Mobility is changing how businesses communicate

    As the demand to support a remote workforce grows in the enterprise, the way in which employees communicate with colleagues and customers is changing. Individuals are no longer content with traditional land line phone systems that require users to sit at their desk and use bulky, outdated equipment. Consumers are more interested in freedom, and this mentality is quickly making its way into the business world.

    The proliferation of bring your own device (BYOD) and other mobile initiatives is encouraging enterprise decision-makers to rethink what can actually be considered a business phone system. In the past, these platforms were considered one thing: a clunky land line solution that could not be moved without encountering some monumental challenge. Today is much different, thanks largely to the advent of smartphones and tablets.

    A recent Gartner report highlighted that 38 percent of companies will stop providing employees with communication devices by 2016 when BYOD is more common. Because there are many advantages to BYOD and other mobile strategies, including the ability to support remote connectivity, reduce costs and improve employee satisfaction, these endeavors are considered among the most disruptive - and positive - forces to hit the enterprise in the past several decades.

    How is BYOD changing the business world?

    Generally, BYOD enables individuals to use personal smartphones, tablets and other mobile platforms for work-related purposes. This idea, which is part of the greater consumerization movement, is providing organizations of all sizes and industries with greater availability to more advanced phone system features that can be accessed anywhere in the world, Gartner stated. As a result, enterprise collaboration strategies are becoming more thorough, strengthening operations and improving overall experience in and outside of the workplace.

    At the same time, decision-makers have not come to fully grasp BYOD, as companies continue to experience challenges when deploying the programs.


    "The business case for BYOD needs to be better evaluated. Most leaders do not understand the benefits, and only 22 percent believe they have made a strong business case. Like other elements of the Nexus of Forces (cloud, mobile, social and information), mobile initiatives are often exploratory and may not have a clearly defined and quantifiable goal, making IT planners uncomfortable. If you are offering BYOD, take advantage of the opportunity to show the rest of the organization the benefits it will bring to them and to the business," said David Willis, vice president and distinguished analyst at Gartner.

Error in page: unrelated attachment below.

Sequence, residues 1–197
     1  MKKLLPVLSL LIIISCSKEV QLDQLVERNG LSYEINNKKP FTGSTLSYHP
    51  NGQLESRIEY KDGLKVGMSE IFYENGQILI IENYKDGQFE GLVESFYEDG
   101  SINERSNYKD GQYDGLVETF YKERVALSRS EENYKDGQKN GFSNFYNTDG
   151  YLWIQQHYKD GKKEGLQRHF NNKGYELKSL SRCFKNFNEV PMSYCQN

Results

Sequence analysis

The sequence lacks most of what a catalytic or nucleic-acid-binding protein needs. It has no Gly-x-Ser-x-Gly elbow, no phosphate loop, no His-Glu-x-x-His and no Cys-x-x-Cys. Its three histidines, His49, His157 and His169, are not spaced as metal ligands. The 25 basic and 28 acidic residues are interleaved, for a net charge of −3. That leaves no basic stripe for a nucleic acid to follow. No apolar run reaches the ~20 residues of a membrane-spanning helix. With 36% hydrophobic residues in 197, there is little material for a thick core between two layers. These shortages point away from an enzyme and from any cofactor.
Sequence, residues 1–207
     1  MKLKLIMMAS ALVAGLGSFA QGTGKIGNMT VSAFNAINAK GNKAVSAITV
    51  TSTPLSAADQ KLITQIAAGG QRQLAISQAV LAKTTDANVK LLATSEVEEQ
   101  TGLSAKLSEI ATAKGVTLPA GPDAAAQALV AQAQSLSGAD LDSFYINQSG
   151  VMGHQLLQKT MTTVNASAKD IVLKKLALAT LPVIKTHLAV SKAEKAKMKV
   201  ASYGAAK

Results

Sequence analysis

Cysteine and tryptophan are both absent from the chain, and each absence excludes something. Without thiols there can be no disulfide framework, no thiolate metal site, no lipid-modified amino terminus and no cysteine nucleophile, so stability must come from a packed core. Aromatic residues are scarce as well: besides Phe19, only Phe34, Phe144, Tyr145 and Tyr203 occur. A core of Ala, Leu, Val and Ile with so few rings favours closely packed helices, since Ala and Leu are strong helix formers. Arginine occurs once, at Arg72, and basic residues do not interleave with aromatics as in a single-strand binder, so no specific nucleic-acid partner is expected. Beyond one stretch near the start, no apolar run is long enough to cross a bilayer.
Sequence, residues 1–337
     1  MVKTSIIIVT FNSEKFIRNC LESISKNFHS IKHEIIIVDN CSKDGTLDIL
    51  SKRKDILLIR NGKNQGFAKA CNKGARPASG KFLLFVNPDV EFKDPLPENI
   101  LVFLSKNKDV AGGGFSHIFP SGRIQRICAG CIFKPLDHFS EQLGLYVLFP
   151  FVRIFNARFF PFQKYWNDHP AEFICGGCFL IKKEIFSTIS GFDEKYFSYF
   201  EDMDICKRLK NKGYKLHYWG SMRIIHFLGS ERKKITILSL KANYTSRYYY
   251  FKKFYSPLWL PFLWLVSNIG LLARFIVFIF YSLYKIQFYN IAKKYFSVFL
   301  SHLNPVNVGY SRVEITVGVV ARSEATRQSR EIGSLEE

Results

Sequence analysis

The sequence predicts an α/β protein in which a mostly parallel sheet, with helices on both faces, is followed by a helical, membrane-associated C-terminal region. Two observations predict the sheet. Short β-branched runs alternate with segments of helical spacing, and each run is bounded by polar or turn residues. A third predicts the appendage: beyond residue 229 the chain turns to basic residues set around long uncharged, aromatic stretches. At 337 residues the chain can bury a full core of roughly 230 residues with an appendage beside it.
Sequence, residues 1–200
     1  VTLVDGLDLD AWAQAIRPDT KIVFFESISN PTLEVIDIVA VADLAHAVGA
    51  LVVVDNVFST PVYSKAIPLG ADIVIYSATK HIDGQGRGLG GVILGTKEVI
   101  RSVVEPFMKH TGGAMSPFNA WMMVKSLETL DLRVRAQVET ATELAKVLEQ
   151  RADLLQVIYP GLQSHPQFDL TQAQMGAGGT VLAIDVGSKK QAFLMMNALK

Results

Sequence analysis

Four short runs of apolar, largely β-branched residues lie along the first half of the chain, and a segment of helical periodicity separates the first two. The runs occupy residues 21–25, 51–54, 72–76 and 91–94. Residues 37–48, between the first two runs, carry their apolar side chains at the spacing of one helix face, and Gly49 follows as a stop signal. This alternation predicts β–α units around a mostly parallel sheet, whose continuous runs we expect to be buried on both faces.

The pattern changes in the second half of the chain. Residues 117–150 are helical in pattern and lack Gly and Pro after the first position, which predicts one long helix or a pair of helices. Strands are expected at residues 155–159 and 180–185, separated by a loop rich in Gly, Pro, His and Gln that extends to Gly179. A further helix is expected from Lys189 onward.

A well-managed BYOD initiative will have a dramatic impact on corporate operations by providing individuals new ways to work. However, it is important that decision-makers take the time to map out the project ahead of time to avoid any complications when actually navigating the mobile environment.

    Developing an effective BYOD strategy

    If a BYOD endeavor is to be successful, enterprise directors need to develop a robust policy that governs its use. A Good Technology report noted that these guidelines must include which operating systems and specific devices are allowed in the workplace. After all, if a company implements a complete free-for-all approach to mobility, IT departments and executives will have trouble managing operations amongst the chaos.

    Beyond determining which platforms are allowed to connect to the office phone system, decision-makers must also come to grips with the fact that using mobile gadgets in the workplace inherently increases risk, Good Technology noted. In most cases, BYOD initiatives will mean that individuals use their smartphones and tablets for both corporate and personal activities. This blend means that sensitive information has a greater chance of slipping through unforeseen vulnerabilities.

    "It is essential that IT specify which platforms will be supported and how; what service levels a user should expect; what the user's own responsibilities and risks are; who qualifies; and that IT provides guidelines for employees purchasing a personal device for use at work, such as minimum requirements for operating systems," Willis asserted.

    Still, Gartner found that more than half of enterprises believe they are implementing security and governance strategies effectively, thereby improving the overall use of personal smartphones and tablets in the workplace. This confidence is leading to the maturity of innovative tools and procedures that will be needed to carry out mission-critical tasks in the long run.

    In the coming years, the consumerization of IT will continue to have a significant role in the ongoing development of the phone system. By changing the way people communicate, the business world as a whole can evolve into something greater and more connected. In many cases, implementing cloud computing tools can help organizations embrace BYOD and other crucial mobile strategies, as the hosted environments offer a uniform and agnostic platform in which every endpoint can work together. By planning ahead and working with trusted service providers, enterprise decision-makers can experience more significant collaborative opportunities.

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